Letters & Op-Eds 2004
San Francisco Chronicle

Politicizing the Sacraments

There is something disturbing about the media watch on whether Sen. John Kerry, D-Mass., and House Minority Leader Nancy Pelosi, D-San Francisco, will receive communion at Mass. The specter of paparazzi seeking photos of what most Catholics see as a private and sacred moment is unsettling.

Yet even more disturbing than this media circus is the attempt by some Roman Catholic leaders, from the Vatican to lay Catholic supporters of President Bush, to use the sacraments as a political sledgehammer. For the past 20 years, anti-abortion Catholics have pleaded with the Vatican to deny communion or even to excommunicate Catholic policy-makers who support legal abortion. Supreme Court Justices William J. Brennan and Anthony Kennedy; Govs. Mario Cuomo, George Pataki and Gray Davis; Sens. Patrick Leahy, Daniel Moynihan, Barbara Mikulski and Ted Kennedy — all have been impugned by name. But the Vatican has until recently ignored or rebuffed such pleas.

It is important to note that there is no basis in modern church law or theology for such actions. It has been widely recognized since the Second Vatican Council (1962-65) that Catholic policy-makers have the freedom to follow their conscience — even when it disagrees with church teaching — when voting on specific legislative measures. It is perfectly reasonable, then, for a Catholic legislator to personally accept Catholic teaching against abortion and also to support laws on abortion in a pluralistic democracy that do not limit the freedom of Jews, Methodists, Episcopalians and others who recognize abortion as morally justifiable. It is equally reasonable to believe that laws against abortion do not prevent abortions from taking place, but instead make abortion dangerous to women’s health and lives.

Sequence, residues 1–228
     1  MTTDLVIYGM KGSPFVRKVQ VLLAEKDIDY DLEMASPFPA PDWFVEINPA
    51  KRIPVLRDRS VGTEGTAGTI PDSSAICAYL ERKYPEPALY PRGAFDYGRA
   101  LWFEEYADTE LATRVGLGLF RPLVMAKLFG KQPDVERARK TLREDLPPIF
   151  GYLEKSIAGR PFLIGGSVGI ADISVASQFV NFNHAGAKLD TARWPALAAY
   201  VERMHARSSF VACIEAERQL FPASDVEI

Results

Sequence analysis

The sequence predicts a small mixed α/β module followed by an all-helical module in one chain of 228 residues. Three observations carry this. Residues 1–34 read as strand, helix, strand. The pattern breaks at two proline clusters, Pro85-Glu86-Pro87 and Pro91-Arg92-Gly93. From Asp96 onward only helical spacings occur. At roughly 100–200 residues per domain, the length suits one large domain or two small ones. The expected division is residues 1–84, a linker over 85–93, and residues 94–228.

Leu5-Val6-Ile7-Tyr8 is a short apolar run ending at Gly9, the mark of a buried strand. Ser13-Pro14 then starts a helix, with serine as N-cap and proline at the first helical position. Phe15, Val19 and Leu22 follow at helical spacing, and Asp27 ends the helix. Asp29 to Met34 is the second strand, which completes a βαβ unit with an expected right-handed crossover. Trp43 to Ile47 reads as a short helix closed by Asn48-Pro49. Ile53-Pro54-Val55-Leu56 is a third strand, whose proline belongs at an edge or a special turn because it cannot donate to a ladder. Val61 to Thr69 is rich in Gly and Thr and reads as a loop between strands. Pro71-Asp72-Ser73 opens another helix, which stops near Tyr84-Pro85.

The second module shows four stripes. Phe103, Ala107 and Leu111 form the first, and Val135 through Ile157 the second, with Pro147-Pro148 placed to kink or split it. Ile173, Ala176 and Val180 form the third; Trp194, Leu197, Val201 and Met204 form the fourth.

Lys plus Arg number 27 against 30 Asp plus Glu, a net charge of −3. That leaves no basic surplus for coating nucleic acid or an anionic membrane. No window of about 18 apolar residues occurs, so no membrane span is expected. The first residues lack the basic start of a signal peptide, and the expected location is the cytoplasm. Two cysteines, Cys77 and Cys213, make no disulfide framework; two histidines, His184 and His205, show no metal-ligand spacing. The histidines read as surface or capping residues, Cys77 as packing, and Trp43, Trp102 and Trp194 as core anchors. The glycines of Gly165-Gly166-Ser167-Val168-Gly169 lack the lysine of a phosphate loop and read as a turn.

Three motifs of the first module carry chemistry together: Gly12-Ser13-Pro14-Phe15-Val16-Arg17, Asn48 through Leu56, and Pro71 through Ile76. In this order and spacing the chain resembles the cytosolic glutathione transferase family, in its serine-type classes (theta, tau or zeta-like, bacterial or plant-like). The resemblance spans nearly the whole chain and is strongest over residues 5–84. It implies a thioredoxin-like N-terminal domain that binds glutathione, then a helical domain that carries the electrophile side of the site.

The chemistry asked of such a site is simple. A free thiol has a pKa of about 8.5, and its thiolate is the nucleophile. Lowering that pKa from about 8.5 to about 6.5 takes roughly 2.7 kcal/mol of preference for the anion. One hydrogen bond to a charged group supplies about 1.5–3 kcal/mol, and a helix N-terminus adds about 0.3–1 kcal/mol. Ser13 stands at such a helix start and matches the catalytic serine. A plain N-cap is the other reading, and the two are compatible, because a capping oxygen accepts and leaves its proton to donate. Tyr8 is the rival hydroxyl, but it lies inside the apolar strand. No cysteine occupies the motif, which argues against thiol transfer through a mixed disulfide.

It is interesting to consider the fact that the U.S. bishops have for the most part understood that sanctions against pro-choice Catholic policy-makers don’t work. The few policy-makers who have been punished or attacked have not changed their views, and instead have been perceived as more sympathetic candidates, winning elections even when they were the underdogs.

While the vast majority of U.S. bishops still seem to understand this reality, they have invested their moral authority in claiming over the years that Catholics cannot hold pro-choice views or have abortions. Yet Catholic policy-makers, including more than 70 members of Congress, vote pro-choice. According to a scientific poll we conducted in 2000, more than two-thirds of American Catholics disagree with the bishops and believe that abortion should not be illegal. If all of them were denied the sacraments, we could stop worrying about the priest shortage. The churches would be empty.

But something has changed in the Vatican and among conservative Catholics: No longer are they simply anti-abortion, they are now Bush Republicans. Like their earlier counterparts in the Moral Majority and the Christian Coalition, winning elections has become more important than practicing good theology. They know that the Catholic vote will play a critical swing role in the 2004 election, and they hope to deliver that vote to George W. Bush. A Catholic Democrat is a serious obstacle to that goal.

By attacking Sen. Kerry’s practice of faith, conservative Bush Catholics hope to deny him the support of mainstream Catholics. What remains to be seen is the extent to which the Vatican and the U.S. bishops will participate in this strategy. If politicizing the sacraments for electoral gain serves as an indication of the campaign ahead, we are witnesses to bad faith and bad theology.

Frances Kissling is president of Catholics for a Free Choice, a nonpartisan nonprofit organization based in Washington.

Catholics for Choice